As we know, markets rebound. When markets turn, investments begin to show positive returns. For those still riding the investment train, the upward ascent begins. We dock at the hopeful station when it appears markets are turning positive. When our train pulls into the next stop, we breathe a sigh of relief as the market continues its ascent and the value of our investment grows. Our feelings become positively optimistic when our train gains momentum, continues on an upward track, with markets and the value of our investments mimicking the upward projection. We congratulate ourselves on following our instincts and holding onto the investment. Our train is now back at its original station from where our investing travels commenced and the whole journey begins again.
TRUSTING OUR INSTINCTS AND EMOTIONS
A quick look back at evolution shows instincts and emotions have served us well. They’ve literally kept us alive. Relying upon those same instincts and emotions to guide our behaviours when managing our financial lives and investing, is unlikely to deliver the same results as the train journey example shows. Buying high, selling low, losing money and suffering emotional highs and lows is no way to live a financial life. So how do we manage our investing journey when all our instincts are screaming, telling us to cash up? The suggestions below may help you bring balance to your investing scales:
- Take advice from a professional before investing. Be honest when working with them. They can only help you formulate an investment plan that suits your risk profile and circumstances if you are upfront with them. The investment plan they construct, will contain objectives, strategy and timelines. It will be the blueprint for your investing activities. In times of trouble, you will pull out your plan and all things being equal, it should give you confidence and comfort. It should at least stop you panicking.
- Develop an awareness of emotions and an ability to control them. Understand markets are cyclical – they are meant to go up and down. This means the value of our investments will rise and fall. Remembering this should serve to temper your emotions and instincts.
- On the basis the investment you made is a good quality one, and it should be if you are taking advice from a professional advisor, know its value is likely to rebound over time. The fall you see in the market and correspondingly the value of your investment, is only a “paper fall”. You don’t experience that fall/loss unless you crystalise it, and that only occurs if you sell your investment.
- If you feel worried, don’t hit the “sell or exchange button”. Many an investor has done that in recent Covid times when markets encountered extreme choppy waters. They’ve sold their investments at reduced values, thereby depriving themselves of future opportunities to increase their wealth through those very same investments. Alternatively, they have swapped investments, for conservative ones. As such, their wealth hasn’t grown because their investments haven’t enjoyed the upswing investments overall have experienced when markets improved. An example of this in play is many New Zealanders swapped out of growth KiwiSaver schemes into low growth funds when Covid first darkened our heath. They did this because they saw their KiwiSaver balances dropping at a large rate of knots. Consequently, they deprived themselves of the increase their KiwiSaver balances would have enjoyed when markets rebounded. All they needed to do was take a deep breath and stay the course. Behaving in this manner has literally cost many Kiwis thousands and thousands of dollars. The point is, don’t react by selling or exchanging investments. Revise your investment plan and speak with your advisor before embarking on a course of action.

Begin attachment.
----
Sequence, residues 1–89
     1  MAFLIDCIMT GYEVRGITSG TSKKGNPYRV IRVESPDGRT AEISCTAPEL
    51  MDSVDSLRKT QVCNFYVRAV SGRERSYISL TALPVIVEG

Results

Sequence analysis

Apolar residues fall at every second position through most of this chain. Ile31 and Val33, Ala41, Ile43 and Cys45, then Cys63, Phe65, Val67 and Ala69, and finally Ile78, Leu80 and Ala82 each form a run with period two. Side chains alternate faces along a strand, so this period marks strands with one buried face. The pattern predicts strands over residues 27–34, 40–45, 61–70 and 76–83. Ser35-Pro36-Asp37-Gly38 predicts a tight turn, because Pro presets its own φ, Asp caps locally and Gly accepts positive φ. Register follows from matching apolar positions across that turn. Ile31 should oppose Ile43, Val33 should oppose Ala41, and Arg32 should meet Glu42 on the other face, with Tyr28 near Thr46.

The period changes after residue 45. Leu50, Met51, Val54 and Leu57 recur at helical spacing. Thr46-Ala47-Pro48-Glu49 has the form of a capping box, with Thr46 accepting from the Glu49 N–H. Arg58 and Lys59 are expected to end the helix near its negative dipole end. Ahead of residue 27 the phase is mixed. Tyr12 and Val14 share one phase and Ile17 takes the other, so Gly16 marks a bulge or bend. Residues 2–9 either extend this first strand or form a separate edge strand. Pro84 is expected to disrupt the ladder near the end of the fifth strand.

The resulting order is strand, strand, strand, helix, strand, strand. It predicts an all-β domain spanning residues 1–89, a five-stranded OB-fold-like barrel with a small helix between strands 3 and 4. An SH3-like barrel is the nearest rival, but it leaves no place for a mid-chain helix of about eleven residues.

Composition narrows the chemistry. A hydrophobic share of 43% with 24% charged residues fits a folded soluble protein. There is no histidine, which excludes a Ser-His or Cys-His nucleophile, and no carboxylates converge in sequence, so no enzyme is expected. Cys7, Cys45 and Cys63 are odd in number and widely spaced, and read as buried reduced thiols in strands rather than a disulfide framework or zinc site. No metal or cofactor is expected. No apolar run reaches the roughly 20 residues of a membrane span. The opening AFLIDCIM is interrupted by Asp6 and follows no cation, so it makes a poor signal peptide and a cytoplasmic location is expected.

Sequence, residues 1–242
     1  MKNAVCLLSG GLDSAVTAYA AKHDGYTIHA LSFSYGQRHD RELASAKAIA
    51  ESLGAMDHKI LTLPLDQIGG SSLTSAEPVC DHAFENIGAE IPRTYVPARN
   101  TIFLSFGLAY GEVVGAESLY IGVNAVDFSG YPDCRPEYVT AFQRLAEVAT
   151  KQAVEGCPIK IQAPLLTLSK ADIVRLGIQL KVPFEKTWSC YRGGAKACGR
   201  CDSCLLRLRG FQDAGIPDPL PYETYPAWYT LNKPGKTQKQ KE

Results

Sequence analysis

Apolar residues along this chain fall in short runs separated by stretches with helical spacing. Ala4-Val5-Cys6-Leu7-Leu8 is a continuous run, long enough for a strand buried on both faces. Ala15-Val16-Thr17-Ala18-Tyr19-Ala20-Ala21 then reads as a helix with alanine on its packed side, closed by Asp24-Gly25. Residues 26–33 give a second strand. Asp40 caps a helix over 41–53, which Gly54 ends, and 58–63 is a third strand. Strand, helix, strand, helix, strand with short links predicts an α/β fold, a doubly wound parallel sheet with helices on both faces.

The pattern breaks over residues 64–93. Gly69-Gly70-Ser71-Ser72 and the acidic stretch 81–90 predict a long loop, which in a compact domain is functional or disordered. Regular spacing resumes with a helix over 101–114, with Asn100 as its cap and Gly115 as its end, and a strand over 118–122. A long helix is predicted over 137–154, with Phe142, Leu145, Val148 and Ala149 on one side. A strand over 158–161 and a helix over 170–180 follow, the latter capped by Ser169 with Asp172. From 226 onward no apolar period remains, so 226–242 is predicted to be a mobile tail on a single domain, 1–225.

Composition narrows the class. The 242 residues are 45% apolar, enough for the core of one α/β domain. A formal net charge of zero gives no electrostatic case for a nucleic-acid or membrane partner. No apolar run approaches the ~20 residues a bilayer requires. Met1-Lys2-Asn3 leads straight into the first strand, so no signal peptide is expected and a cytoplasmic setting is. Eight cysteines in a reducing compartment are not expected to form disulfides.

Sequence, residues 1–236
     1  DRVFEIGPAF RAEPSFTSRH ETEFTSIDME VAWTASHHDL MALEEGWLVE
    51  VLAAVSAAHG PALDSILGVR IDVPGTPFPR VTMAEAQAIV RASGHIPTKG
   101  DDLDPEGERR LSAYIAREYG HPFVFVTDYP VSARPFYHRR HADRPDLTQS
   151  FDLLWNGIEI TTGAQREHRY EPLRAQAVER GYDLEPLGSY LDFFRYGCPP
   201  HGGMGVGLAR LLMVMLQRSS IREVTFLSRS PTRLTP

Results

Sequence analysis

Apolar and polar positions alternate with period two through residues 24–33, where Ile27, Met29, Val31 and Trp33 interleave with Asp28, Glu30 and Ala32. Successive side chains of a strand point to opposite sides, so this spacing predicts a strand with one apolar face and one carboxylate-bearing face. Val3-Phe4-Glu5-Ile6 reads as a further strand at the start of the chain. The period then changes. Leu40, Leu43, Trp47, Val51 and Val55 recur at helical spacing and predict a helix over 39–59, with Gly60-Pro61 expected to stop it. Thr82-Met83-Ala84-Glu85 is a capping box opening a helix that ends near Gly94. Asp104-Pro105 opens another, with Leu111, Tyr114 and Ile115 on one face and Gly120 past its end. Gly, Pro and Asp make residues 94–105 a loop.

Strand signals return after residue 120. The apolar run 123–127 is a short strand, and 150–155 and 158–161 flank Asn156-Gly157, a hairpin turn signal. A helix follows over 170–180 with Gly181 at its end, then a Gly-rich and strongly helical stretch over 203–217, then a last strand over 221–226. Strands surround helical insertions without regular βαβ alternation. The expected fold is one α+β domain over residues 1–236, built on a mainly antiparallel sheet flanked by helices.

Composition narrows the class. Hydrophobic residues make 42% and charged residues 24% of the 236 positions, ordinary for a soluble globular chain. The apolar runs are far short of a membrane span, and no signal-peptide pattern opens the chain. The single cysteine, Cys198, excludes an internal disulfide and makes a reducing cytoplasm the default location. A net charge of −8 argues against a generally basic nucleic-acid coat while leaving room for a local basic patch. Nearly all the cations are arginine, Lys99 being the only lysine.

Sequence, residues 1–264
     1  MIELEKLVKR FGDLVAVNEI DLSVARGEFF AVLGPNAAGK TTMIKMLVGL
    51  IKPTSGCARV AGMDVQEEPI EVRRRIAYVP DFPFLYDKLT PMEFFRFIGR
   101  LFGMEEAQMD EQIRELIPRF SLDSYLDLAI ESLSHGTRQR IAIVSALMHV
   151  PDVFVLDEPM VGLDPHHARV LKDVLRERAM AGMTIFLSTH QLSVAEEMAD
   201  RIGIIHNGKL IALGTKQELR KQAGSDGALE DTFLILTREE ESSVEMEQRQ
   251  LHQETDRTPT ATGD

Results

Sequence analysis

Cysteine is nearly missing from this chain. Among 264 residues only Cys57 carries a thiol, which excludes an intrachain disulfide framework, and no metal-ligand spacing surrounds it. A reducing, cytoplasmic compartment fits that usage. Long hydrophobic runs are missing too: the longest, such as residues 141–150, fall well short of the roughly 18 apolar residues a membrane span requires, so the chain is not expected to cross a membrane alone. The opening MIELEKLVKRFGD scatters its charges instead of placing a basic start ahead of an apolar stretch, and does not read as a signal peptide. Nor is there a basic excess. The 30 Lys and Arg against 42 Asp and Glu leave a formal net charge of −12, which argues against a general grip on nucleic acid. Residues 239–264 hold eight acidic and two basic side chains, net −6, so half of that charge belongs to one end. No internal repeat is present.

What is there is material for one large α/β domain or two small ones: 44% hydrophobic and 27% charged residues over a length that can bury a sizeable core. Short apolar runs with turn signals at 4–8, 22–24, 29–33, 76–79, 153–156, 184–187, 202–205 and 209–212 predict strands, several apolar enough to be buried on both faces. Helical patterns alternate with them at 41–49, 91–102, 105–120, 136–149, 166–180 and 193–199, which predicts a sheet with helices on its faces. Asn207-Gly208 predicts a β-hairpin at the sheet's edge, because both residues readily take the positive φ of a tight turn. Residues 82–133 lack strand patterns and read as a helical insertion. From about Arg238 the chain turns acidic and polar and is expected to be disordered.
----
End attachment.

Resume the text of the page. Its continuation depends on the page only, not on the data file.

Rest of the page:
- Adopt a long-range perspective. Rome wasn’t built in a day, and neither is true solid wealth. It takes time to multiply the gold coins. Put in the time miles. Give time, time.
Good quality decisions are often made by taking the emotion out of them and holding instincts in check. This truism applies to investing. Comprehension and clarity are found in non-emotive mental settings. Building, growing and maintaining good quality investments is easier when we are not driven by emotions and instincts. The points above should help you exhibit these behaviours in your own investing activities. As always, happy learning and investing from me.
Read more from Janet’s Money Talk Series here.